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|Case Number:||crim app 57 of 01|
|Parties:||SAFARI KATANA vs REPUBLIC|
|Date Delivered:||10 Dec 2002|
|Court:||High Court at Malindi|
|Judge(s):||John walter Onyango Otieno|
|Citation:||SAFARI KATANA vs REPUBLIC eKLR|
|Disclaimer:||The information contained in the above segment is not part of the judicial opinion delivered by the Court. The metadata has been prepared by Kenya Law as a guide in understanding the subject of the judicial opinion. Kenya Law makes no warranties as to the comprehensiveness or accuracy of the information|
REPUBLIC OF KENYA
SAFARI KATANA ………………………………………….. APPELLANT
REPUBLIC ………………..……………………………….. RESPONDENT
(From original conviction and sentence in Criminal Case No.1204 of 1999 of the Principal Magistrate’s
Court at Malindi –J.M. Matu, PM)
The appellant Safari Katana Kirao was charged with the offence of robbery contrary to section 296(1) of the Penal Code. The particulars was that on 12th September, 1999 at Chesale Beach area in Fundisa Location within Malindi District of the Coast Province, jointly with others not before court, he robbed Emmanuel Chivatsi of 1. a handbag (pandla make) 2. four kanga kikois 3. A pair of short trouser 4. A bra, 5. Two scarves 6. a pair of sunglasses 7. two small bags 8. An assortment of body creams 9. Medicine, 10. A gas lighter and 11. Cash KSh.8000 all valued at KShs.43,000/- and at or immediately before or immediately after the time of such robbery threatened to use actual violence to the said Emmanuel Chivatsi. He pleaded not guilty, but after trial, he was found guilty, convicted and was sentenced to serve imprisonment term of 5 years. He was also ordered to receive 12 strokes of the cane and was put on three years supervision after completing the present term. He appealed against both conviction and sentence, maintaining in his grounds of appeal that the evidence on record was not in conformity with the charge; that the learned magistrate did not consider PW2’s evidence which was to the effect that none was threatened or made to part with the alleged property; that there was no identification parade; that PW.1 who was the owner of the allegedly stolen property did not prove conclusively that the same properties were his property as he did not produce any documentary evidence to prove the same and that the sentence awarded was harsh and manifestly excessive in the circumstances of the case.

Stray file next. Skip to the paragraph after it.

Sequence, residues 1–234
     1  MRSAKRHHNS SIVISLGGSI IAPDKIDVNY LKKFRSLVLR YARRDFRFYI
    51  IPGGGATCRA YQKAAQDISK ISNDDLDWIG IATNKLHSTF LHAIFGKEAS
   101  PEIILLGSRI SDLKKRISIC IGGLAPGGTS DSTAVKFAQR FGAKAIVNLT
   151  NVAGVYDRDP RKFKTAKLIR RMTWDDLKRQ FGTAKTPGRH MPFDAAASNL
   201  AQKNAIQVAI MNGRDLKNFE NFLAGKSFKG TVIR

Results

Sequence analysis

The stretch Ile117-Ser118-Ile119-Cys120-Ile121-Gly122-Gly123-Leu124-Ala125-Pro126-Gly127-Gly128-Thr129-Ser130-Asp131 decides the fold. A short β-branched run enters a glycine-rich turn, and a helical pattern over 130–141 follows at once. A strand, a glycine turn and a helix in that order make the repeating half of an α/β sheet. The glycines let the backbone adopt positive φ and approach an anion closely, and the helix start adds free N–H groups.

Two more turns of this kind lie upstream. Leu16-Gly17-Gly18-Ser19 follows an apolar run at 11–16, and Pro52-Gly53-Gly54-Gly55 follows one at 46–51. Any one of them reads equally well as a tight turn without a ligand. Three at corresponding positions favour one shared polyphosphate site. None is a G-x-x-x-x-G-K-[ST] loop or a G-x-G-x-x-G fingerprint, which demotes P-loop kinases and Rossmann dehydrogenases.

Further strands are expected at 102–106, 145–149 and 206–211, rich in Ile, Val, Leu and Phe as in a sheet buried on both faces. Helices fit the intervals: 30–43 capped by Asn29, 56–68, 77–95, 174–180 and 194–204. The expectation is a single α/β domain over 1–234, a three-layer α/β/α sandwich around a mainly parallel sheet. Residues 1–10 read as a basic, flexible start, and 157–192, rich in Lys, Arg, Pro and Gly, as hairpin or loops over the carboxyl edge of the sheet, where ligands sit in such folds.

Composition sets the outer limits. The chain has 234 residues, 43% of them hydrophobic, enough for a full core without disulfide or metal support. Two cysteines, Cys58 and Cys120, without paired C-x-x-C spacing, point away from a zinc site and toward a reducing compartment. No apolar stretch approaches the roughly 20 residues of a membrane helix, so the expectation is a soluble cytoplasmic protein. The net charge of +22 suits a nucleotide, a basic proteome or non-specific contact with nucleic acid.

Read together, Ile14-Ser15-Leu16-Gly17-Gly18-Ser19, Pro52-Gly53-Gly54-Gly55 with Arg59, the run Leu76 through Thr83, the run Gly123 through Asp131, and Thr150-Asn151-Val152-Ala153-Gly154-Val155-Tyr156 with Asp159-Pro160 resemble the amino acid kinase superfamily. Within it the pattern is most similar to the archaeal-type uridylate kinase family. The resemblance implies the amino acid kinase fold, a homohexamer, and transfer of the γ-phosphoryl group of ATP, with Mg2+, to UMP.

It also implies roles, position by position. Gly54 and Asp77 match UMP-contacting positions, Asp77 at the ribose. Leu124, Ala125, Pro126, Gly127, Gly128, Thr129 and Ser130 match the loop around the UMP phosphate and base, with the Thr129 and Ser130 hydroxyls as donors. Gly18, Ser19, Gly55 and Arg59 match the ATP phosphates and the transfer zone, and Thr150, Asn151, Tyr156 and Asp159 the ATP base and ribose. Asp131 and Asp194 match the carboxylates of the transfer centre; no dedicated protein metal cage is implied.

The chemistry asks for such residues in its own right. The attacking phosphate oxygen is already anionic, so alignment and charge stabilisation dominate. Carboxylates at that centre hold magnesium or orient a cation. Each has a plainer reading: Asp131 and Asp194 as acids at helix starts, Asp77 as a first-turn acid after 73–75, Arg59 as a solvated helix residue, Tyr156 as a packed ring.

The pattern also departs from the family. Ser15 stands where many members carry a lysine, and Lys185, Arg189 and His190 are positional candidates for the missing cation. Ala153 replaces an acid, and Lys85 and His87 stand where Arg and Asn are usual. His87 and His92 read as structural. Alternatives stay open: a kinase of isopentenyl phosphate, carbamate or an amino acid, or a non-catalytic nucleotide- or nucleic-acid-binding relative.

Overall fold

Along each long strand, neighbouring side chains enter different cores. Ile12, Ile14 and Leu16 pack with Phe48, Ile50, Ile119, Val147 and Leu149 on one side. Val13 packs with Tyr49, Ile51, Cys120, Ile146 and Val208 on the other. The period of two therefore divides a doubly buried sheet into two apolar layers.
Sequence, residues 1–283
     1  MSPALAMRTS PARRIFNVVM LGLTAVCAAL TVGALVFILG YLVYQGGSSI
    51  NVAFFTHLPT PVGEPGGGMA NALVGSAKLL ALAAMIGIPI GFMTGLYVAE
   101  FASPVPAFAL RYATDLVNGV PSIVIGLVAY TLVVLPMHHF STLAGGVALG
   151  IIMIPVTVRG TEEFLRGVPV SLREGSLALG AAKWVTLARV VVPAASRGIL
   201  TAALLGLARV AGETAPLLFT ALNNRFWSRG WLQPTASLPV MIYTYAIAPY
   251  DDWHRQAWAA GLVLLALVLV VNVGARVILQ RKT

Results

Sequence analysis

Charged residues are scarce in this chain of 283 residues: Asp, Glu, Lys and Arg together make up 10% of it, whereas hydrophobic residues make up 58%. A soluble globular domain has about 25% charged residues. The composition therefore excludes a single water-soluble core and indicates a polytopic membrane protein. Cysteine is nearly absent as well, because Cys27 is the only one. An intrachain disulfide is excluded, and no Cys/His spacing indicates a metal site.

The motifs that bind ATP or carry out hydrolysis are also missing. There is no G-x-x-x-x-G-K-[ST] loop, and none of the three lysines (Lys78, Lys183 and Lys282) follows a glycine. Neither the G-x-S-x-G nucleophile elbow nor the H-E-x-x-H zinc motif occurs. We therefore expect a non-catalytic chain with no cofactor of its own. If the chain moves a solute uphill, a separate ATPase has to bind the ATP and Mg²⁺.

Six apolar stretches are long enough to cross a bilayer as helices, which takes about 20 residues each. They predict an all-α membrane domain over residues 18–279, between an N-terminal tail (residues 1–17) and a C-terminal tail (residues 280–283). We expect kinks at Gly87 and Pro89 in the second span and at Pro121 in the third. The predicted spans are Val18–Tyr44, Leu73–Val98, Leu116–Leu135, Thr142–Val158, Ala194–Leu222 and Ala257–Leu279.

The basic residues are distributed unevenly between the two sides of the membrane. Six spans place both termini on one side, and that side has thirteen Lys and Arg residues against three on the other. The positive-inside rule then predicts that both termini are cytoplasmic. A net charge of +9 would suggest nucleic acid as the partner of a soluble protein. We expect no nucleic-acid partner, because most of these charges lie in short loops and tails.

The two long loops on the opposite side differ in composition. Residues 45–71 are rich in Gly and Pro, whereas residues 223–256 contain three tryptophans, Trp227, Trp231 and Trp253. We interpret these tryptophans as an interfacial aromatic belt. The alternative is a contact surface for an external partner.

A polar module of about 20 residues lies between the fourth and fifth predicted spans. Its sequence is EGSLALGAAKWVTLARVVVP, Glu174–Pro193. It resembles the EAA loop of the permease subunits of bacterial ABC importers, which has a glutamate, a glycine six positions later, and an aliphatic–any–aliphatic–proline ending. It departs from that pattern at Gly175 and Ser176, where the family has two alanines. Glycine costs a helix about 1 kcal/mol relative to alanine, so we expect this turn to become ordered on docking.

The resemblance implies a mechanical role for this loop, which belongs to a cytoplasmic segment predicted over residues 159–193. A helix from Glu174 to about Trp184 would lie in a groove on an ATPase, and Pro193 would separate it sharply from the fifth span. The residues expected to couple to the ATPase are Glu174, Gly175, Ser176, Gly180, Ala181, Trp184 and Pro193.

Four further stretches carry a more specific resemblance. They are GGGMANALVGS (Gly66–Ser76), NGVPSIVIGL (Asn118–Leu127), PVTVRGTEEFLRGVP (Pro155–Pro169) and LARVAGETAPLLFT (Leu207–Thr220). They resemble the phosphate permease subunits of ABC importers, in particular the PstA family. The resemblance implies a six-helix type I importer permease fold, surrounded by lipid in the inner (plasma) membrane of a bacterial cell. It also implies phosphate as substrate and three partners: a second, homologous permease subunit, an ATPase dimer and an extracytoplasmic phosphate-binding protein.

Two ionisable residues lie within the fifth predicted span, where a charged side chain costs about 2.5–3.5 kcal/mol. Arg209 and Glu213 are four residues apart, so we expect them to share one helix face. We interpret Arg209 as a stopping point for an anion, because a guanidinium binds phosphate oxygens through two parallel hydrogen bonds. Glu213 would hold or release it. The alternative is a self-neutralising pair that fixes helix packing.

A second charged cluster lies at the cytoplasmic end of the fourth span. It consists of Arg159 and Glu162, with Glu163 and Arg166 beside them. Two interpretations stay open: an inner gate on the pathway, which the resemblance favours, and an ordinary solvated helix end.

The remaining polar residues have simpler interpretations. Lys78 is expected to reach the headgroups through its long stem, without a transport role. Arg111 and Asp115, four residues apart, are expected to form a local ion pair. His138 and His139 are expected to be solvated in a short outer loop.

I have considered the appeal both against conviction and against sentence. PW1, her husband and the complainant Emmanuel Chivatsi were at Sechale Beach on 12.9.99 at about 1.30 p.m. They parked their car and went to buy fish. Before they went to buy fish she saw accused seated on a fallen tree trunk. They left the complainant near the car and because of that, they did not lock the car. The accused was also seated nearby. After buying fish she then walked with her husband towards the car but before they could reach the car they saw the complainant and a young man waving at them.